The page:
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Ode to Fungus

The mushroom is consistently chosen by chefs and craved by vegetable fans for its bold flavor and unctuous, meat like character. Whereas domesticated mushrooms fall far short of fungal bliss, wild mushrooms offer an extraordinary variety of tantalizing flavor profiles. Each variety carries with it unique traits that distinguish them from one another. The incredible colors, shapes, textures, and flavors of wild mushrooms give chefs limitless opportunities to exercise creativity with their usage. 


Chantrelles- or girolles in French- are beautifully bright and golden in color and succulent and yet pleasingly subtle in flavor. They must be cleaned thoroughly, first gently peeling the stem to reveal an ivory and sleek appearance, wildly contrasting with its naturally golden crown. A small brush is delicately swept along the inner gills and on the top of the cap of the mushroom, removing any possible fragments of dirt. Finally, the mushrooms are very briefly dipped in cold water, ensuring the absolution of any sediment that would be displeasing to the palate. The chantrelles should be dried very thoroughly in order to be roasted without becoming soggy. In this case, the chantrelles are pan roasted in a cast iron pan on extremely high heat with a minimal amount of oil. Once they achieve a significant level of caramelization, while still maintaining their bright golden ensemble, a touch off butter browns instantly upon hitting the pan to be basted on the mushrooms, enhancing their flavor. Seasoned just with sea salt, the chantrelles are simply remarkable.


The porcini mushroom- when seasonally appropriate- offers an incredible richness and depth of flavor to the dish. The stems are used in a puree to maintain a level of richness throughout the dish. The tops, luxuriously decadent and aromatic, are simply sautéed in olive oil, and then infused with a touch of garlic and shallot. 


Morel mushrooms have an intriguing porous structure and such a deep earthy flavor that any mushroom dish would be incomplete with the absence of this wonderful delicacy. The morels must be cleaned with great vigilance as the porous structure is quite inviting to dirt. They must be submerged in salted water and aggravated repeatedly until the water is completely clear. Once dried, the morels are quickly sautéed in olive oil and finished with butter. In this dish, mushroom stock- made with simple button mushrooms and wild mushroom scraps- is reduced, combined with truffle juice and reduced once more, until it is finally finished with butter and sherry vinegar. Part of this mixture- minus the sherry and butter- will be thickened with cream and set lightly with gelatin. Before cooling the base will be squeezed into the center of the morels and cooled to set inside the mushroom. Once warmed for plating, the morel will hold within its walls the decadent mushroom cream which will add great depth to the eating experience.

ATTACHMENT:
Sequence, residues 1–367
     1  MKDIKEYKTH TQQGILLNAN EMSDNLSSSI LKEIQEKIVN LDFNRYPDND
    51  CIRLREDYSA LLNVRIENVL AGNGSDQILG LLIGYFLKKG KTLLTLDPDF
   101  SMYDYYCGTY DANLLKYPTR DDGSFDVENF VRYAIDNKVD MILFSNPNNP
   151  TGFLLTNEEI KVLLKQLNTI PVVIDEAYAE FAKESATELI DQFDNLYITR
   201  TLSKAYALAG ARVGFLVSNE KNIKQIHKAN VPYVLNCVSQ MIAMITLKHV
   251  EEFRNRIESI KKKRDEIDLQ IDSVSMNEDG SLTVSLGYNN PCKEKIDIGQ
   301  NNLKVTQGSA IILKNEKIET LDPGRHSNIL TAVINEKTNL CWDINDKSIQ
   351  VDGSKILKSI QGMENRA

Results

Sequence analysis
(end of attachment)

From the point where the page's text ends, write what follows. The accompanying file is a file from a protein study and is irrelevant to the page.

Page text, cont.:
Serving as the centerpiece for this plate, the familiar portabella mushroom is treated with great respect. The top is peeled, revealing its bright white surface, gills are removed to avoid unpleasant textural issues, and the mushroom is slowly cooked in olive oil, along with garlic, bay leaves, thyme and rosemary. The result is a silky rich and deeply flavorful mushroom, to be sliced like a steak and placed in the center of the plate.


Enoki mushrooms are quite frankly the most texturally pleasing, and yet mildly flavored mushrooms on the planet. Their long braid like structure becomes utterly pleasing to the mouth once sautéed until crispy.


Matsutake mushrooms- also sensitive to season- are a rare delicacy, cherished by die heart fans of fungus. Peeled to reveal their beautiful bright interior, and shaved thinly over the plate, matsutakes are best eaten raw and bring about an amazing earthiness that will elevate the dish to another level.


The maitake or “hen of the woods” mushroom has a beautiful and intricate structure, like a bouquet of flowers or a sea anemone. Their flavor is wonderfully earthy and aromatic, and though they can be enjoyed raw, will transform into an incredible treat once caramelized until golden brown and slightly crispy. 


When one takes sushi rice, cooks it until all of the starch is released, dries it overnight, and then fries it in hot oil it becomes a pleasingly light and wonderfully crispy rice chip. Rather than serve the mushrooms over rice, this showcase of mushrooms will be the base for the rice chip garnish. Here, mushroom stock is the cooking liquid for the rice, and the fried chip is seasoned with porcini powder. Fresh chives are sliced wonderfully thin and lightly sprinkled over the finished dish.

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